Turning Trauma into Resilience for Oakland’s Vibrant Community
When a flood of Afghan refugees began arriving in the Bay Area this fall, their plight was immediately understood by many Cambodian-Americans who had fled their own country 40 years before.
“Many of our clients’ first thought was, ‘How can we help?’” says Mona Afary, founder and director of the Oakland-based Center for Empowering Refugees and Immigrants (CERI). Afary, an immigrant from Iran with a Ph.D. in clinical psychology, launched CERI 16 years ago to address the ongoing traumatic effects of the Cambodian genocide. CERI clients know, Afary says, that “if they had been offered mental health services upon resettlement, they wouldn’t have suffered this kind of severe depression and PTSD, and could have mitigated multigenerational trauma.”
CERI began with a handful of support groups for Cambodian refugees, who found in each other’s company a sense of joy and hope that had been flattened by isolation and PTSD. Since then, CERI has developed a community-based, trauma-informed model of care – integrating Western and Eastern therapeutic models with the ethos and wisdom of Cambodian culture. The organization has expanded to serve the needs of immigrants and refugees from 15 countries mostly throughout Asia, with native language staff, to provide: multilingual family and individual counseling, psychiatric services, youth and teen support groups and activities, weekly adult support groups, workforce development programs, community resource referrals, elder activities, food and rent assistance, a community garden project, and other wellness programs. The twin scourges of COVID and anti-Asian violence have expanded the need for their services. During the pandemic, CERI increased its food support, serving 56,000 free lunches in the last year alone.
The good news, according to the CERI team, is that the effects of trauma due to violence and genocide have been “significantly reduced” for those who receive the kinds of services offered at CERI. Part of the secret sauce is the sense of community that CERI co-creates with their clients, who see the East Oakland office as a kind of sanctuary, where they can take off their shoes, eat and chat, do yoga, and let go of the troubles outside the door. The CERI model also involves promoting self empowerment, and helping communities support each other.
The troubles that vexed CERI’s community elders were those of their children — and now grandchildren. It was these clients who expressed the great need to assist their youngest. CERI responded with extensive youth programming, support groups, outdoor activities, garden work, and support to those threatened with, and who already have faced, deportation. Youth who have come up with the CERI community have been empowered to stay in school, leave gangs and other high risk activities, and are now major contributors to our community.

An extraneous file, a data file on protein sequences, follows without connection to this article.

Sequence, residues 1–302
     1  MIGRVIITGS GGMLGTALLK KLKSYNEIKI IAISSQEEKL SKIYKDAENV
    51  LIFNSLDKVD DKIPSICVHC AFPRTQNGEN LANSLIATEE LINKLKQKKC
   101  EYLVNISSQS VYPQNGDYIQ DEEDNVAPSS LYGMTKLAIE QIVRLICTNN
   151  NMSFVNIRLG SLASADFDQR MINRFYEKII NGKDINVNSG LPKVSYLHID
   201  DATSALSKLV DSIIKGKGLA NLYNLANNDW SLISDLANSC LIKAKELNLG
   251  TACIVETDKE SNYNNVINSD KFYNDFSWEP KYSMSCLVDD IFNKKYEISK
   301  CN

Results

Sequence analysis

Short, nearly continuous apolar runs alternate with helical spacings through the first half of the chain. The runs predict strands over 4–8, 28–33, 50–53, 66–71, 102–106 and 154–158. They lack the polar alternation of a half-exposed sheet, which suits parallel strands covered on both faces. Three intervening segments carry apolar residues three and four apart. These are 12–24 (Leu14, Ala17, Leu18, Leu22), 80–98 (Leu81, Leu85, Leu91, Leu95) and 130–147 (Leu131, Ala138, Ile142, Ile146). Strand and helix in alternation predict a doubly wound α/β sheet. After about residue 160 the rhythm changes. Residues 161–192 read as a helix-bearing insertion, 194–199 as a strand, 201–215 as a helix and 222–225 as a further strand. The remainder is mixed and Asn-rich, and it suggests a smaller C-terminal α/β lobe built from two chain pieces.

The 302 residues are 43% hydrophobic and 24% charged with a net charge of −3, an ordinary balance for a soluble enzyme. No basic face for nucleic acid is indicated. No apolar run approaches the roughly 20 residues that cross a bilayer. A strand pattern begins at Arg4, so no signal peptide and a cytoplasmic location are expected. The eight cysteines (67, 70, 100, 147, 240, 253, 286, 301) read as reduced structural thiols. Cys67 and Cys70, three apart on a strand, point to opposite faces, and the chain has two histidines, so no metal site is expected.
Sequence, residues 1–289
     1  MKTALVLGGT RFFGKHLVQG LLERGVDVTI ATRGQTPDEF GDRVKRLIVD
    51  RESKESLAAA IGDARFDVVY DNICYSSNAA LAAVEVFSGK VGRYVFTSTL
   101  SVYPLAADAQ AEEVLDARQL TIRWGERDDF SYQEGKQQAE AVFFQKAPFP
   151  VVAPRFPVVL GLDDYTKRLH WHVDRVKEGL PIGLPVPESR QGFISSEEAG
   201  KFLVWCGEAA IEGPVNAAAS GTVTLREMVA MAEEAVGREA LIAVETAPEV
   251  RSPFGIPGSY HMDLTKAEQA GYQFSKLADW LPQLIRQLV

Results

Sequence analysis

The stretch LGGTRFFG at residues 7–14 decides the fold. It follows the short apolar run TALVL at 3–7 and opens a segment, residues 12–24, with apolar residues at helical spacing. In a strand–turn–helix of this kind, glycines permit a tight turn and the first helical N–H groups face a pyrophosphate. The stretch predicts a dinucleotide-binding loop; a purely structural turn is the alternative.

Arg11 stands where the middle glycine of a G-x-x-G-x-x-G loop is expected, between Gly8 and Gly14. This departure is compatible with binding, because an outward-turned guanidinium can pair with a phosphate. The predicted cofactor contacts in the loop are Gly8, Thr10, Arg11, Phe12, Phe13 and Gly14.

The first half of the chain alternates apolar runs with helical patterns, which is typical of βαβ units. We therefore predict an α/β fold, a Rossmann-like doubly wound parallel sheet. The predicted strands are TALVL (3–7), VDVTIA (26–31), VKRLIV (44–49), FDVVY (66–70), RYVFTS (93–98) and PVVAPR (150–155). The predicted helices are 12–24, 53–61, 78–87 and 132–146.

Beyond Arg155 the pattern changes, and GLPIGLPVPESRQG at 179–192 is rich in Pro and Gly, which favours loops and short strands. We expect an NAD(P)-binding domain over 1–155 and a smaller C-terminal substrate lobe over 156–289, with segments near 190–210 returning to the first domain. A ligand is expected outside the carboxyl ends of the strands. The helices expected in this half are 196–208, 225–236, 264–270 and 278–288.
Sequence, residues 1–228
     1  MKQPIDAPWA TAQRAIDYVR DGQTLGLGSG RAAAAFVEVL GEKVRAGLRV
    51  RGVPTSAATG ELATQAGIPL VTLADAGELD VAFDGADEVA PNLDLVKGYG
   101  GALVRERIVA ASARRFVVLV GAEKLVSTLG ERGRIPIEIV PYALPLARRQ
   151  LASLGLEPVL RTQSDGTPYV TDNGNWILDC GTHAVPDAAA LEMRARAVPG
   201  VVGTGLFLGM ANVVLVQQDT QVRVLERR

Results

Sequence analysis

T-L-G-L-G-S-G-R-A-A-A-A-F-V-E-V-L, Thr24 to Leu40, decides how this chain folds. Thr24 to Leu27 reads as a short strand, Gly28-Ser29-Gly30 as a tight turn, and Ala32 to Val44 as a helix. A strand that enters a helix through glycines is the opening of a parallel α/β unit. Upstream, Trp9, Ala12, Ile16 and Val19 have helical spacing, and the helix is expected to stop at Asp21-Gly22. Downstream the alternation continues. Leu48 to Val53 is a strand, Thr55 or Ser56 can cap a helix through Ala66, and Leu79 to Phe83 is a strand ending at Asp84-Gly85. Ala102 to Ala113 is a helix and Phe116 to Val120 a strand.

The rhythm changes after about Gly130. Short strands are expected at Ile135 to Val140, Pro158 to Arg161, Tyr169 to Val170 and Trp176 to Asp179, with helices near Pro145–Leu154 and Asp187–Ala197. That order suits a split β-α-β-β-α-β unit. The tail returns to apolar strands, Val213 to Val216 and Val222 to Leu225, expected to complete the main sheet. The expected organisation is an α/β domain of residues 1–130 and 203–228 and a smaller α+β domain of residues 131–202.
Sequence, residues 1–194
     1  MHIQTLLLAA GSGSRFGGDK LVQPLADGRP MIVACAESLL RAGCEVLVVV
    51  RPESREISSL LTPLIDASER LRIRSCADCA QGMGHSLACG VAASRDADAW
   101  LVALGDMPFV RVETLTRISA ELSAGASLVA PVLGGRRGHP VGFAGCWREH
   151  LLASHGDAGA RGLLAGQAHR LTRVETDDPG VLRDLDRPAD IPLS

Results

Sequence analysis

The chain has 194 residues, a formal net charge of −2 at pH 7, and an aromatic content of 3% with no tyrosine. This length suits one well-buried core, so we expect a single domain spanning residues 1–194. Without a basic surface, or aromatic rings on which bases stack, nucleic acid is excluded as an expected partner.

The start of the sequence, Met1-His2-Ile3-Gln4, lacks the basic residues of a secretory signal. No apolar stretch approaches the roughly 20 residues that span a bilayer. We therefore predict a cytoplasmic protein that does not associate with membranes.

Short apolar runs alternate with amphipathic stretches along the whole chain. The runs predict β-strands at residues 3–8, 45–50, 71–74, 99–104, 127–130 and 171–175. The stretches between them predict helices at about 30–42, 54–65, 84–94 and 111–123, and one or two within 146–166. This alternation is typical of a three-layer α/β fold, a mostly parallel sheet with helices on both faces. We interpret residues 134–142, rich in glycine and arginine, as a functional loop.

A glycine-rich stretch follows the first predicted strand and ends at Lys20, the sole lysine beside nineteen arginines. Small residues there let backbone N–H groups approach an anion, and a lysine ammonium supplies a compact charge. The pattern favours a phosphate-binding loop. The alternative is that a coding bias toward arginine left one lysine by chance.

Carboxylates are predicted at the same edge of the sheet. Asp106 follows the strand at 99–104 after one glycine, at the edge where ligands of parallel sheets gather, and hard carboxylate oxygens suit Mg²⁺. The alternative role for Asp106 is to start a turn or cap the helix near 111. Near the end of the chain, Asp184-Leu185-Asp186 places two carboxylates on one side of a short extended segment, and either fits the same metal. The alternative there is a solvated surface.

Thavery, a CERI staff member, describes growing up in a home and neighborhood plagued by crime and alcoholism. A low point came when she was arrested for shoplifting as a teenager. Her parents, unsure how to help, did what many local Cambodian families did when they were out of ideas: “They took me right to CERI,” Thavery says. Once there, at the age of 14, she got involved in the youth programs, where everyone calls each other “cousin.” She is now studying for a degree in Criminal Justice, and as a CERI staff member plays a critical role in assisting elders and mentoring youth.
The need for CERI’s programs will only grow, especially with their forthcoming expansion to serve the large numbers of incoming Afghan refugees who are in need of mental health services and care management. CERI staff know they have the support of their longtime clients, who also want to contribute to healing in some way and make a difference. This, in turn, is part of the cycle of healing.
Community Engagement and Development Director: Mona Afary
Our mission is to improve the social, emotional, psychological, economic, and physical health of refugees and immigrants
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As CERI’s Community Programs Coordinator, I work with elders in weekly support groups, community service projects, and cultural field trips. CERI has been a healing place for me, as a survivor of the Khmer Rouge genocide, and years in refugee camps. Through helping to provide healing to the community, I have largely healed myself.
Uplifting Underprivileged Refugee Youth
Recognizing that trauma, suffered by adult refugees and immigrants who have lived through genocide and resettlement, is often passed down through generations, CERI developed a comprehensive array of youth programming.
The nonprofit’s programming has ended the cycle of trauma for countless refugee and immigrant youths in the East Bay, and across generations, through its innovative and holistic approaches to healing.
You can support CERI’s work to heal generational trauma in many ways:
–$100: supplies CERI’s youth after-school program with three volunteer tutors, and snacks for afternoon programming for one month.
–$500: provides for two outdoor experiences for CERI’s Youth Green Jobs program.
– $1,000: provides two months of trauma-informed weekly group therapy for survivors of trauma and violence.
–$5,000: helps provide for case management and mental health provision for the Afghan refugee community, and funds utility and food subsidies.
The William and Flora Hewlett
Alameda County Behavioral Health
New Breath Foundation
Devata Giving Circle
Korean Community Center
of the East Bay
Asian Health Services
Asian Law Caucus
Golden Gate National Parks
California Arts Council